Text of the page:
German school pupils plummet to 'lowest score ever' in international rankings

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German school pupils plummet to 'lowest score ever' in international rankings
A classroom full of children at a Rostock primary school. Photo: picture alliance/dpa | Bernd Wüstneck

In a major international survey of schools, German pupils netted their lowest scores yet in maths, reading and science.


In the latest Programme for International Student Assessment (PISA) study, students in Germany achieved some of their lowest scores yet in core subjects like literacy, mathematics and science. 

In the 2022 study - the first of its kind since the Covid pandemic - the performance of German pupils also sunk dramatically compared to other nations.

With a score of just 475, German pupils scored particularly badly in maths, coming a full 25 points lower than their previous score of 500 in 2019.

In reading, the pupils dropped down 18 points from 498 to 480 and in science, they slipped from 503 to 492.

These declines equate to around a year's worth of progress in school, according to experts. 

The PISA study is the largest international study of its kind and tests the abilities of 15-year-olds in literacy, science and mathematics in 80 different countries.

READ ALSO: 'Alarming': How children in Germany are lagging behind on reading skills

On an international level, German pupils netted average scores for literacy and mathematics and came in slightly above the international average for science.

However, there is concern that performance has been dropping among German 15-year-olds in the latest few PISA studies - and that the latest decline was on an unprecedented scale.

What's behind the drop? 

One explanation for the poor academic performance among German pupils is the impact of school closures during the Covid crisis.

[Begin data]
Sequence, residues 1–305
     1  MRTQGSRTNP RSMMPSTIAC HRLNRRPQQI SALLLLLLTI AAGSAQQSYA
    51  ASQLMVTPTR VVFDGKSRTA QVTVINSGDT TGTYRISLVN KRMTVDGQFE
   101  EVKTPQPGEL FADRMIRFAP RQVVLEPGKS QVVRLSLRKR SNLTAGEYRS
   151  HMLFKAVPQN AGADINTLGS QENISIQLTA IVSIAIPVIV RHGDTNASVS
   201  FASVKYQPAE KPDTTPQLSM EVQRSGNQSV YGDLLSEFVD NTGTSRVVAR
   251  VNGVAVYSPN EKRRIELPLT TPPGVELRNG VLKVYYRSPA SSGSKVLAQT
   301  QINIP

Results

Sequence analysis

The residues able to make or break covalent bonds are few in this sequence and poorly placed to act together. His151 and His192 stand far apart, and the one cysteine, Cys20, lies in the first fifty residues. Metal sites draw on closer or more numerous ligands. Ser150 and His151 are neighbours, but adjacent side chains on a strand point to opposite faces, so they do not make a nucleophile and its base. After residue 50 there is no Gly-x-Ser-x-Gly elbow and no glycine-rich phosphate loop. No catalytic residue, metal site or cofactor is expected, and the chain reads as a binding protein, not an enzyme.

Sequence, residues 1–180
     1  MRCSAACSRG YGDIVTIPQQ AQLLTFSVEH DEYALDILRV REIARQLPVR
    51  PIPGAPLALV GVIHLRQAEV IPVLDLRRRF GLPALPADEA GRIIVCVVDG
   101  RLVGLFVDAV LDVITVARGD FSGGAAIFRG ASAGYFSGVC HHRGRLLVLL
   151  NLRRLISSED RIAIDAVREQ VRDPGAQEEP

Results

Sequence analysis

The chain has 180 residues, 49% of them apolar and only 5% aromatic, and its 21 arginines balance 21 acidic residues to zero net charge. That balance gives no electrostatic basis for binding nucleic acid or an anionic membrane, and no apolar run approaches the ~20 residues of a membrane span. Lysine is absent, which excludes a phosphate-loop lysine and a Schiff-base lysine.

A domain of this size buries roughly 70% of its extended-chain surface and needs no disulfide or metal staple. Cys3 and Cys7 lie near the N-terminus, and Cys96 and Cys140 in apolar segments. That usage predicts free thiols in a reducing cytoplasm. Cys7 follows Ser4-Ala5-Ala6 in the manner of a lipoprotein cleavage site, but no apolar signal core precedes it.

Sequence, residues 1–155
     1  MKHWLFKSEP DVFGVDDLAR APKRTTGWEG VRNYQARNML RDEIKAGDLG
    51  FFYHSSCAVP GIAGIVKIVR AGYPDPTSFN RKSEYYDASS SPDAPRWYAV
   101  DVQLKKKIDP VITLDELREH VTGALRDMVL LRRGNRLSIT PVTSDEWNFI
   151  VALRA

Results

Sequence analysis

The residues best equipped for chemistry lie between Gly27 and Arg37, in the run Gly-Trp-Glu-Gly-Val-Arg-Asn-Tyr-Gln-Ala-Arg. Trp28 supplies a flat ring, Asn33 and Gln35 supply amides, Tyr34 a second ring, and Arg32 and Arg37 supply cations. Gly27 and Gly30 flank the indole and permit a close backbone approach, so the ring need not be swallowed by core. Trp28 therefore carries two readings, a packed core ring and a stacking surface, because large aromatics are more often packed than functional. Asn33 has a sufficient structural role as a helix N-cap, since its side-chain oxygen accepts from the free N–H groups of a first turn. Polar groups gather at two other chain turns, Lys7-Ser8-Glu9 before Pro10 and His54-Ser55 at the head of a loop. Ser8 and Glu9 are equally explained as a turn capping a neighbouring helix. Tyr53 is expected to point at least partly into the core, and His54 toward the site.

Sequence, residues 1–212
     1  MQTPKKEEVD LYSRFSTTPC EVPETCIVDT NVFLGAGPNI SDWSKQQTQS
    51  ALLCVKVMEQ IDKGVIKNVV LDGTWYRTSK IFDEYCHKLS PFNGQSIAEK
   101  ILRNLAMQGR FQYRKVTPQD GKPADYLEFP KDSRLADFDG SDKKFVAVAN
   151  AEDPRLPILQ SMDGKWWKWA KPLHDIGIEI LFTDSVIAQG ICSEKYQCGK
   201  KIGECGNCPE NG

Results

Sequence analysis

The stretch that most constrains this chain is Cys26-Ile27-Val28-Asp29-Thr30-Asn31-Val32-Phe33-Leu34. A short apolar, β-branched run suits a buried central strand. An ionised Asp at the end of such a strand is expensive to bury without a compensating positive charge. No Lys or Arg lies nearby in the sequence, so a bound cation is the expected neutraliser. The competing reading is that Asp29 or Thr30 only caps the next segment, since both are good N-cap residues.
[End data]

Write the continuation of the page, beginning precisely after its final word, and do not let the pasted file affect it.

Though pupils in other countries also faced setbacks during the pandemic, Germany was unusual in that it relied far less on digital technology and far more on materials sent to pupils than other countries in the survey. 

This seems like it may have resulted in poorer learning outcomes for pupils at German schools than elsewhere: while the average drop in attainment over the three years was 10-15 points, Germany saw declines of up to 25 points.

"In an international comparison, Germany was not well prepared for distance learning in terms of equipment with digital devices," explained study director Doris Lewalter, education researcher at TUM and Chair of the ZIB Executive Board.


Another possible factor could be a lack of language skills - especially among pupils with a migration background.

"One key reason is certainly that we have still not managed to ensure early language support for all those who need it," said Lewalter.

"If we have pupils from immigrant backgrounds, we cannot assume that they have already mastered the German language of education when they come to Germany."

READ ALSO: German chancellor calls for regular German language tests in schools

However, due to the fact that pupils with a non-migrant background also performed poorly, this clearly isn't the whole picture. 

"The maths skills of young people without an immigrant background have also declined compared to 2012 - even more so than those of young people whose parents immigrated but who were born in Germany," Lewalter said.


Comments (1)

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steve 2023/12/05 23:58
Weird. There is a lot of fingerpointing and excuses but perhaps some should look in the mirror. I've seen a lot of homework given but minimal teaching going on.

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